Abu Dhabi: Facing a virtual class of five children, Asma Bakallia delivered a lesson about geometrical shapes. After it was over, the children were able to present a variety of accurate answers on the concept they had just been taught.
This simulation of a classroom is now being used at a university in the capital, the Emirates College for Advanced Education (ECAE), to train future teachers in classroom management and teaching strategies.
“Our goal is to improve the level of teaching qualifications in the UAE. Through this virtual classroom, our students will be able to practise their skills before they are required to handle a real class. And because it is a virtual class, no risk is posed to actual pupils,” Dr Mohammad Baniyas, vice-chancellor at the ECAE and higher education adviser to the Abu Dhabi Education Council (Adec), told Gulf News.
The ECAE is a dedicated teacher preparation programme and school development centre in the capital for Emiratis, and it currently has about 340 students pursuing bachelor degrees in the field of education. One of the facility’s main objectives is to train students so that they can take up teaching positions at the emirate’s public schools, and this is in keeping with the Adec’s vision to employ more Emirati teachers.
The classroom simulations have been offered at the ECAE, in collaboration with the University of Florida, since the beginning of June. The software in use is called TeachLive, and it has previously been implemented in 42 United States-based campuses.
“The students who are currently being taught through this virtual technology are being groomed to take up the roles of maths, science and English teachers for pupils from kindergarten up to Grade 5. Educators in Florida control and manage the virtual characters in order to deliver a number of classroom experiences and challenges for our students,” explained Dr Farouq Almeqdadi, team leader for maths and virtual class coordinator at the ECAE.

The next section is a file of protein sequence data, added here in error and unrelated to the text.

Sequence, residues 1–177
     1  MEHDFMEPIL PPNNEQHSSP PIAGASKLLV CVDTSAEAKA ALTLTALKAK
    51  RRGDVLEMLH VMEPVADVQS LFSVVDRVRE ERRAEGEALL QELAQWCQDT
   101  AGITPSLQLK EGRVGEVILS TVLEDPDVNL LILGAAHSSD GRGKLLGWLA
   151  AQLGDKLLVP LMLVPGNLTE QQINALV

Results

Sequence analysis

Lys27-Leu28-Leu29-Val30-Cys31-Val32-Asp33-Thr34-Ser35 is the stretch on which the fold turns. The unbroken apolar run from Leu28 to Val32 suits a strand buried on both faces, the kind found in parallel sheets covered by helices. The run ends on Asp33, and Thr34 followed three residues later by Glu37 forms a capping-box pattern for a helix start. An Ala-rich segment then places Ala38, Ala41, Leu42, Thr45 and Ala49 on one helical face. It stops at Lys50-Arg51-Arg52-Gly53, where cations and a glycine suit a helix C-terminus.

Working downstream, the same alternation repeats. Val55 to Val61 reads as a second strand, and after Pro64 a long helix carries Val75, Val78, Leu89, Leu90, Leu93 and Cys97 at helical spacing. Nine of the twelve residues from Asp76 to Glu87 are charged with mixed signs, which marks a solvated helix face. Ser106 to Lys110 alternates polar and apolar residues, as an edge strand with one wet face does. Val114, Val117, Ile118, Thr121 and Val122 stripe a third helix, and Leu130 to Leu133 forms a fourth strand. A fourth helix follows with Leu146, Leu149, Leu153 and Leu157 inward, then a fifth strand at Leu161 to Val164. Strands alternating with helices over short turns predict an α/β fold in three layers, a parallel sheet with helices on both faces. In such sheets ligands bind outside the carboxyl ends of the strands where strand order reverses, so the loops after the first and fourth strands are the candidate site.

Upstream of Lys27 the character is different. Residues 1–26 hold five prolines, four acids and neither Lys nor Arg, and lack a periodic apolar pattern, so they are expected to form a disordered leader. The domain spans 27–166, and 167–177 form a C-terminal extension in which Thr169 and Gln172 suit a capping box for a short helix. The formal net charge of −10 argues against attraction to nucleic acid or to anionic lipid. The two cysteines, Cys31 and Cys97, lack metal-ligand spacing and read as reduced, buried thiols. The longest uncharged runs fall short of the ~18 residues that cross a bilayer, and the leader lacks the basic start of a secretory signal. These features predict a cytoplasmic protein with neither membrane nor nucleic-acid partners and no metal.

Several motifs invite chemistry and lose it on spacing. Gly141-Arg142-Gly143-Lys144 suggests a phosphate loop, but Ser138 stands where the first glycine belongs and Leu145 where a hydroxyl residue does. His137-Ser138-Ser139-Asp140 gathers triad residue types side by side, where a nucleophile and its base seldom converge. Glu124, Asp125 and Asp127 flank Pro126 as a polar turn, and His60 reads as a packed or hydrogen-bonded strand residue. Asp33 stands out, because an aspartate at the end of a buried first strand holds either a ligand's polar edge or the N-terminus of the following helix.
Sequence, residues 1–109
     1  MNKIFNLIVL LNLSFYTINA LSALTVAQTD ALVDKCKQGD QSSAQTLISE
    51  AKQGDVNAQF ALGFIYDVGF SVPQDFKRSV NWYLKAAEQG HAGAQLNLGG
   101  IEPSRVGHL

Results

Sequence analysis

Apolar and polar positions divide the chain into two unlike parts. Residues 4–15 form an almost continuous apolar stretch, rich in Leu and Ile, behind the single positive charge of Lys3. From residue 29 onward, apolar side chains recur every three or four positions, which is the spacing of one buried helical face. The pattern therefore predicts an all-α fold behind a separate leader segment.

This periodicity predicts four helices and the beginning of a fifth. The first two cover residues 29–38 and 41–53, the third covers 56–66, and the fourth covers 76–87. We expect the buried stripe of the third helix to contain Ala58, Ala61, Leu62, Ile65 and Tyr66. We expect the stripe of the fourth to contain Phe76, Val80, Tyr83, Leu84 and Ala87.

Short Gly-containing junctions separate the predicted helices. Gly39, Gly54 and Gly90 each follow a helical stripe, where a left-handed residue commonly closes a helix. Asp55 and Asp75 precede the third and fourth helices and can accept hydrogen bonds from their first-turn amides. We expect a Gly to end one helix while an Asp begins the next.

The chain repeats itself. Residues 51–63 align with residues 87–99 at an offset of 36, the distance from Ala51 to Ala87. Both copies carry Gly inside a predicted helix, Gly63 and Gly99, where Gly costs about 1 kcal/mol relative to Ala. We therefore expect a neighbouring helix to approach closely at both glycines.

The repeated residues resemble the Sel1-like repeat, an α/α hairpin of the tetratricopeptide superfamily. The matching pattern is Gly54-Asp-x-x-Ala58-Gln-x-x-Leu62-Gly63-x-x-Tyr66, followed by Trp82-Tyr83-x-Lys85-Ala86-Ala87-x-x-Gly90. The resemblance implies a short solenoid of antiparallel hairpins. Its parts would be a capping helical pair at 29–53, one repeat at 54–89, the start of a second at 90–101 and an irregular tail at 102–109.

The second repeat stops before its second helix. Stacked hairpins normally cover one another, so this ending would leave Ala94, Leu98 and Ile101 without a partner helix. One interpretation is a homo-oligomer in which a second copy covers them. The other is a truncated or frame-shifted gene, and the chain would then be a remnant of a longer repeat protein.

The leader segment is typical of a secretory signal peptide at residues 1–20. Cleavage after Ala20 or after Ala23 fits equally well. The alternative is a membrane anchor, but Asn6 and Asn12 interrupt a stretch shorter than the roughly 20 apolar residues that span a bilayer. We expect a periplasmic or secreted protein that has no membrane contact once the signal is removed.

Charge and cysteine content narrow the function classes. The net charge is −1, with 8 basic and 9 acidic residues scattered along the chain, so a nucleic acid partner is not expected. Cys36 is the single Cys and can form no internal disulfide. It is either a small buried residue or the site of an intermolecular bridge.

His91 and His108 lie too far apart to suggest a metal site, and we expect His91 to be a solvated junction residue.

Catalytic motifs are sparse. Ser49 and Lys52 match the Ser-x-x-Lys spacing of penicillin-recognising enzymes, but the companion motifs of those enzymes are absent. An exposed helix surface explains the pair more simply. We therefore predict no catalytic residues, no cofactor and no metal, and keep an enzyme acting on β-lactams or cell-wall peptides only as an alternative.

For example, one simulation includes disruptive pupils so that ECAE students can develop skills in controlling a noisy classroom.
Each virtual session lasts for about 10 minutes, and students taking the course are allowed to use it for about 40 minutes over the semester During the lesson, Dr Almeqdadi observes the students, who are later advised on how to perfect their methods.
“We can tailor the sessions to test our students in a number of ways. For instance, we can evaluate their ability to control a classroom, or see how effective they are at teaching in the English language, or how well-versed they are in maths concepts. One major advantage is that it allows students to learn from their mistakes in a virtual classroom, rather than making those mistakes in a real-world situation,” Dr Almeqdadi said.
Asma, who graduated from the ECAE earlier this year, said the virtual classrooms would greatly help students ease into the role of teachers.
“It can be quite unnerving to be a teacher at the beginning, especially as an entire room of students is entirely dependent on you for knowledge and guidance. So the virtual classes will provide great practice,” she said.
“To gain the degree, ECAE students have to deliver a number of classes before they graduate. For me, the hardest part during these lessons was to instil discipline in the classroom. And I can see that the virtual experience will help students develop this important ability,” she said.